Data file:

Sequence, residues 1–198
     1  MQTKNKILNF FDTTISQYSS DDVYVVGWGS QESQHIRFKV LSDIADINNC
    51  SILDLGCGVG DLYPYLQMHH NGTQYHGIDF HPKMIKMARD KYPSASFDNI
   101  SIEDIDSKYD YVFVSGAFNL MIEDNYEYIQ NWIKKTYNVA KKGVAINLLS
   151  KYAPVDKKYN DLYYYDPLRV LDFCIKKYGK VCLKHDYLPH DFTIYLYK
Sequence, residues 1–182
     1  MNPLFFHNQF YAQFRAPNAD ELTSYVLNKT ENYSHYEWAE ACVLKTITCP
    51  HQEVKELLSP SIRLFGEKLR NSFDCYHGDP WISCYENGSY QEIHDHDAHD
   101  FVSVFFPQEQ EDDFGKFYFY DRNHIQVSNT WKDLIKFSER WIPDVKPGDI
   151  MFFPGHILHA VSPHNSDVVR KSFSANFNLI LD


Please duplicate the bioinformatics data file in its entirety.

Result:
Sequence, residues 1–198
     1  MQTKNKILNF FDTTISQYSS DDVYVVGWGS QESQHIRFKV LSDIADINNC
    51  SILDLGCGVG DLYPYLQMHH NGTQYHGIDF HPKMIKMARD KYPSASFDNI
   101  SIEDIDSKYD YVFVSGAFNL MIEDNYEYIQ NWIKKTYNVA KKGVAINLLS
   151  KYAPVDKKYN DLYYYDPLRV LDFCIKKYGK VCLKHDYLPH DFTIYLYK
Sequence, residues 1–182
     1  MNPLFFHNQF YAQFRAPNAD ELTSYVLNKT ENYSHYEWAE ACVLKTITCP
    51  HQEVKELLSP SIRLFGEKLR NSFDCYHGDP WISCYENGSY QEIHDHDAHD
   101  FVSVFFPQEQ EDDFGKFYFY DRNHIQVSNT WKDLIKFSER WIPDVKPGDI
   151  MFFPGHILHA VSPHNSDVVR KSFSANFNLI LD